IMPORTANT STEPS TOWARDS A NEW GRANT ARCHITECTURE
Bernard RiversArticle Type:
Article Number: 3
ABSTRACT "Large parts of the GF Board meeting that ended yesterday were mind-numbingly boring, sometimes inevitably so and sometimes not. However, things certainly came to life when Round 9 was discussed. The Board's decision regarding Round 9 creates some important new options that every CCM that is currently working on a Round 8 proposal needs to think hard about."
Large parts of the Global Fund Board meeting that ended yesterday were mind-numbingly boring, sometimes inevitably so and sometimes not. However, things certainly came to life when Round 9 was discussed.
The Board’s decision regarding Round 9 creates some important new options that every CCM that is currently working on a Round 8 proposal needs to think hard about.
First, CCMs that fear they will be unable to complete a solid Round 8 proposal by the July 1 deadline will be able to keep working on the proposal and then to submit it a few months later, under Round 9, using the same proposal form.
Second, CCMs that do succeed in submitting a Round 8 proposal in time but that are then assigned to Category 3 can look forward to receiving much more proactive suggestions from the TRP than in the past regarding what needs to be done to improve the proposal. And those CCMs will then be able to resubmit using the same proposal form, and can hope for approval in April 2009.
And third, extremely ambitious CCMs will have the option to submit one proposal in Round 8 and another one in Round 9. But most will probably choose to apply in just one of those Rounds, not least because Round 10 is likely to come only a few months after Round 9.
One result of all this is that the number of proposals submitted in Round 8 will go down a bit from what it would otherwise have been.
On the other hand, the average quality of the proposals submitted in Rounds 8 and 9 should be higher than in the past, because they will only be submitted when they are ready.
Furthermore, the average dollar value of the proposals submitted in Rounds 8 and 9 will also be higher than in the past, because CCMs will be more willing to take the risk of submitting bold proposals, knowing that if the TRP likes most aspects of their proposal but is hesitant about a few other aspects, it will assign the proposal to Category 3 and will candidly say what are the areas that need fixing.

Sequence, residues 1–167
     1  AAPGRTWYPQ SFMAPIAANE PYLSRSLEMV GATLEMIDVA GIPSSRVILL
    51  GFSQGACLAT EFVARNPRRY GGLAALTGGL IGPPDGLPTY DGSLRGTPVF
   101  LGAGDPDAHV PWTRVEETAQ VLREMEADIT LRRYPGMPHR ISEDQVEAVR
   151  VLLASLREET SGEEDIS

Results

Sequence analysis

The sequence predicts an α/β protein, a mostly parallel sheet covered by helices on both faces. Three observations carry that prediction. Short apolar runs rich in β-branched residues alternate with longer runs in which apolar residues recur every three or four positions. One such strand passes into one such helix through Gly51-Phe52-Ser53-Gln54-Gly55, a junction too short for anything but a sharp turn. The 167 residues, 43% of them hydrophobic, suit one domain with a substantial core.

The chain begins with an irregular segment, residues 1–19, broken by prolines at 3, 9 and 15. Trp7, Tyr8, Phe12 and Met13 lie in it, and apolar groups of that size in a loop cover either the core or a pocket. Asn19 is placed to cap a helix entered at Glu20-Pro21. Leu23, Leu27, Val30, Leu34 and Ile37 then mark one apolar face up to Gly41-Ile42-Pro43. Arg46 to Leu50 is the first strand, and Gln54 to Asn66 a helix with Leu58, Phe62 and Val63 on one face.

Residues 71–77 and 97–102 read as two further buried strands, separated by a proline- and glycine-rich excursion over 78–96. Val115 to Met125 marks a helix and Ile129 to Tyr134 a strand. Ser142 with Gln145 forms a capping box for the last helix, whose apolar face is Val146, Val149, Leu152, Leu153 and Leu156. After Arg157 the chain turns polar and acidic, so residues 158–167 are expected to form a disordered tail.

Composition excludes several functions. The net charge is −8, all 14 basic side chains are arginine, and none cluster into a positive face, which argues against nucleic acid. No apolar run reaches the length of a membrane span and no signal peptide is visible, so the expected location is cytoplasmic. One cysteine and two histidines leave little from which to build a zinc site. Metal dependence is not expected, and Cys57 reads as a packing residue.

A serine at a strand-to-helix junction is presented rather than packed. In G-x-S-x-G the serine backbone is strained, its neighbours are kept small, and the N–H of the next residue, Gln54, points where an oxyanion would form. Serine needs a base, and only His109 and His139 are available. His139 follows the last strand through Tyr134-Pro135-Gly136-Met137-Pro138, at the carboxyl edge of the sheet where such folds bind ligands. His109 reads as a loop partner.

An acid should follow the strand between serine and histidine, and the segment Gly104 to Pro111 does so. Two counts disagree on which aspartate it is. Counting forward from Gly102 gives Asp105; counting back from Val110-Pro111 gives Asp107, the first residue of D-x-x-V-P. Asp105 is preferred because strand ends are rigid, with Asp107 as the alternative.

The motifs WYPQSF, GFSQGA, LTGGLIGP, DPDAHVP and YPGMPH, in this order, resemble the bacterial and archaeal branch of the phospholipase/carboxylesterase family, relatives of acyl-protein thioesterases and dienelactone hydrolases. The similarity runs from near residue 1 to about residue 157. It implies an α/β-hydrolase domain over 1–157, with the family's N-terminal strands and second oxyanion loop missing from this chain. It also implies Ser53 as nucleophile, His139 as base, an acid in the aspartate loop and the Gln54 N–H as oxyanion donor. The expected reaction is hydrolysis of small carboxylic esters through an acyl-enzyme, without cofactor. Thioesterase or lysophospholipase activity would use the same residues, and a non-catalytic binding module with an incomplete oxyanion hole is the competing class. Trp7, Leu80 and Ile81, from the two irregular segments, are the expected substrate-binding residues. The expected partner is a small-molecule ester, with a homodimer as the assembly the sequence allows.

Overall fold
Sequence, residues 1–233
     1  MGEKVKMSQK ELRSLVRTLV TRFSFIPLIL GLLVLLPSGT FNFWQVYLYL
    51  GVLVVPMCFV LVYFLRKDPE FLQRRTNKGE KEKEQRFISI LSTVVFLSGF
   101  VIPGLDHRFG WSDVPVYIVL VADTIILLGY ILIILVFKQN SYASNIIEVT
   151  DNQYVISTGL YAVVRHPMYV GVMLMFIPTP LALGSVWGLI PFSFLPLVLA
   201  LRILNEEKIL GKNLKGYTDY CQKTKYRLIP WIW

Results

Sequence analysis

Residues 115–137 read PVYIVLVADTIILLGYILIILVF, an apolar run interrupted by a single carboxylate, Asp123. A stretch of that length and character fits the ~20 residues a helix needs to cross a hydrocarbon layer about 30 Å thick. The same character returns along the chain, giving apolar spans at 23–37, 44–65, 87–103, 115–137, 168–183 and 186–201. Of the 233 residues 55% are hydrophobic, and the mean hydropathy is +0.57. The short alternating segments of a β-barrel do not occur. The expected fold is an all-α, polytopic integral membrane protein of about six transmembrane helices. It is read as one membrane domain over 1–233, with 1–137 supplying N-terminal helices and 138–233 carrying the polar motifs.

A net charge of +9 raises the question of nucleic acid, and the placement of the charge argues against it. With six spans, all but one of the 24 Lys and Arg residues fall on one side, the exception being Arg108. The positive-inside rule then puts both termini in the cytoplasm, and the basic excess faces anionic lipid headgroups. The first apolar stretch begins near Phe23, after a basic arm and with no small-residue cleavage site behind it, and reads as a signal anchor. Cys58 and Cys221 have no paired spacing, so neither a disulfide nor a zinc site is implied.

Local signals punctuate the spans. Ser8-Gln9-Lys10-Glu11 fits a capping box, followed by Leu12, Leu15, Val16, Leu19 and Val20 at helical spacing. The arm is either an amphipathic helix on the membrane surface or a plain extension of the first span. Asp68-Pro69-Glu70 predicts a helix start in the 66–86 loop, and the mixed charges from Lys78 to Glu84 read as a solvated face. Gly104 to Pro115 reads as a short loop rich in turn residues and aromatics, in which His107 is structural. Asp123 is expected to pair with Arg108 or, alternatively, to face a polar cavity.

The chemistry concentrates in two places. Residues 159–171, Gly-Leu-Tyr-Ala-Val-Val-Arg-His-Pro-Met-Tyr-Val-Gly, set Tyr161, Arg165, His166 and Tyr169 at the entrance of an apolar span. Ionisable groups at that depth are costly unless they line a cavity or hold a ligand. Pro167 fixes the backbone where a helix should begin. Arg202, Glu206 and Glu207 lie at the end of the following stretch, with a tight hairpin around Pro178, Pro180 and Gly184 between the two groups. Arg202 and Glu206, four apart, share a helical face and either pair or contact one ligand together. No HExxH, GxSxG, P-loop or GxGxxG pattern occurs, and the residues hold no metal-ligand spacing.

Finally, the proportion of proposals assigned to Category 4 – outright rejection – will go up. In the past, the TRP appears to have assigning some proposals to Category 3 rather than to the Category 4 that they deserve, presumably out of a desire not to hurt feelings. But under the new approach, it would be unfair to put a proposal in Category 3, with all the subsequent work that that will lead to for the CCM, if the TRP’s true feeling is that the proposal is beyond repair.
In the informal view of most Secretariat and Board members at yesterday’s Board meeting, the decision regarding Round 9 is just an interim step towards a much more radical surgery to the Fund’s grant-making architecture. As was discussed in the Aidspan white paper “Scaling Up to Meet the Need: Overcoming barriers to the development of bold Global Fund-financed programs” that was published last week (see www.aidspan.org/aidspanpublications), grant implementers are having major problems with some aspects of the Fund’s current grant architecture. They are asking for an iterative process whereby the TRP lets them know what kinds of change they need to make to their proposal; they now have that. But they are, in effect, also asking for the Fund to move towards having one “single-stream grant” for each country/disease/PR combination, rather like a small business that has a loan from a bank and is then able to apply at any time to have the loan be made larger or last longer, so long as it can prove that it is using the loan for its intended purposes and is making repayments on time.
The Board spent a very long time developing its current grant architecture, consisting of Phase 2 Renewal, Rolling Continuation Channel, and more. But faced with anguished complaints from grant applicants and implementers such as those quoted in the above white paper, the Board and Secretariat appear to be very receptive to the idea of moving towards a considerable simplification of its grant architecture. Yesterday’s board decision regarding how to handle Rounds 8 and 9 was an important first step.
[Bernard Rivers (email@example.com) is Executive Director of Aidspan and Editor of its GFO.]